Indonesia                            53
                                            Samoa                                53
                                            Estonia                              52
                                            Lithuania                            52
                                            Bolivia                              50
              Upper- middle income          Saudi Arabia                         53
                                            South Africa                         52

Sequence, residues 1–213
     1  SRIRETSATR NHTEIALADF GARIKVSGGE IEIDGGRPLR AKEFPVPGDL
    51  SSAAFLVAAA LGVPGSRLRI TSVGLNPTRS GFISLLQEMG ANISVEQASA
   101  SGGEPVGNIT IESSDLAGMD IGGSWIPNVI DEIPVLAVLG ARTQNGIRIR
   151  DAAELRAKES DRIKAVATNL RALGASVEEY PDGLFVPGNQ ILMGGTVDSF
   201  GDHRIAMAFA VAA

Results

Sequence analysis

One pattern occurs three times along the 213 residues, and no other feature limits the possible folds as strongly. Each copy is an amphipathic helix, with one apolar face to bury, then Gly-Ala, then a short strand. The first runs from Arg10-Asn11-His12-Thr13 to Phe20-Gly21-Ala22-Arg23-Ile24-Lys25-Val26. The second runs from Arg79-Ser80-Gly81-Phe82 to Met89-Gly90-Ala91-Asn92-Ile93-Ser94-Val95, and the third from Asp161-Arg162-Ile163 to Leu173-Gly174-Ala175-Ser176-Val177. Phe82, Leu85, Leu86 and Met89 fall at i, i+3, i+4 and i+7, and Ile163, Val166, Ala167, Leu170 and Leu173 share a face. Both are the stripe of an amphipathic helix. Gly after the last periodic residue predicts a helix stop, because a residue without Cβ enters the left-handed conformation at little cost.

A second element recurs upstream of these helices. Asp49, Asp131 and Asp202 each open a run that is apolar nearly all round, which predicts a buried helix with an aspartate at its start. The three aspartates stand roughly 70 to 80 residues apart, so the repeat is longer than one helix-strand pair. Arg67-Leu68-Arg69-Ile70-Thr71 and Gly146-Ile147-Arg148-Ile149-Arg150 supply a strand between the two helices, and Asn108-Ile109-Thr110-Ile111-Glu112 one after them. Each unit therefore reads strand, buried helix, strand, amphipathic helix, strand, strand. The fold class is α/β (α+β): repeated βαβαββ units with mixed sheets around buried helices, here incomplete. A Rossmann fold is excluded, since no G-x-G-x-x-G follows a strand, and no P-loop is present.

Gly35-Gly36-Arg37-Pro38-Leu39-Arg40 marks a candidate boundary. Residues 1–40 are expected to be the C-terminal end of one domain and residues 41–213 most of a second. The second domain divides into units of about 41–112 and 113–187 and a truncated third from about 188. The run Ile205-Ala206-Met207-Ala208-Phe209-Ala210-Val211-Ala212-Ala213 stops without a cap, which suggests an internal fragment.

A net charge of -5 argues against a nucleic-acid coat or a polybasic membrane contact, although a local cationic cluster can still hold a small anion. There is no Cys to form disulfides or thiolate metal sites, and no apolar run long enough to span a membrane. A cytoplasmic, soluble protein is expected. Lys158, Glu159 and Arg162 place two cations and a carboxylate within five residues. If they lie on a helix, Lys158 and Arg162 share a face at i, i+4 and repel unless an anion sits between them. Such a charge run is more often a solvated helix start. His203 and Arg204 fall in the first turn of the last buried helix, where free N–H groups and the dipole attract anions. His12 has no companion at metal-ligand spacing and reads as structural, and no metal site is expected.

Seychelles                           51
                                            Poland                               51
              High-income                   Korea, Rep.                          68
                                            Japan                                59
                                            Kuwait                               52

              Sources: WHO 1997; Jenkins et al. 1997; Chinese Academy of Preventive Medicine

prevalence between poor and rich groups are greater in low-income countries than
those in high-income countries. Using education as a marker for socio-economic status,
a regression of this ratio of smoking prevalence between high- and low-education
groups to a log of 1994 gross domestic product (GDP) per capita (in constant 1987
dollars) is significant (y = -0.4177x + 5.4931, R squared of 0.348).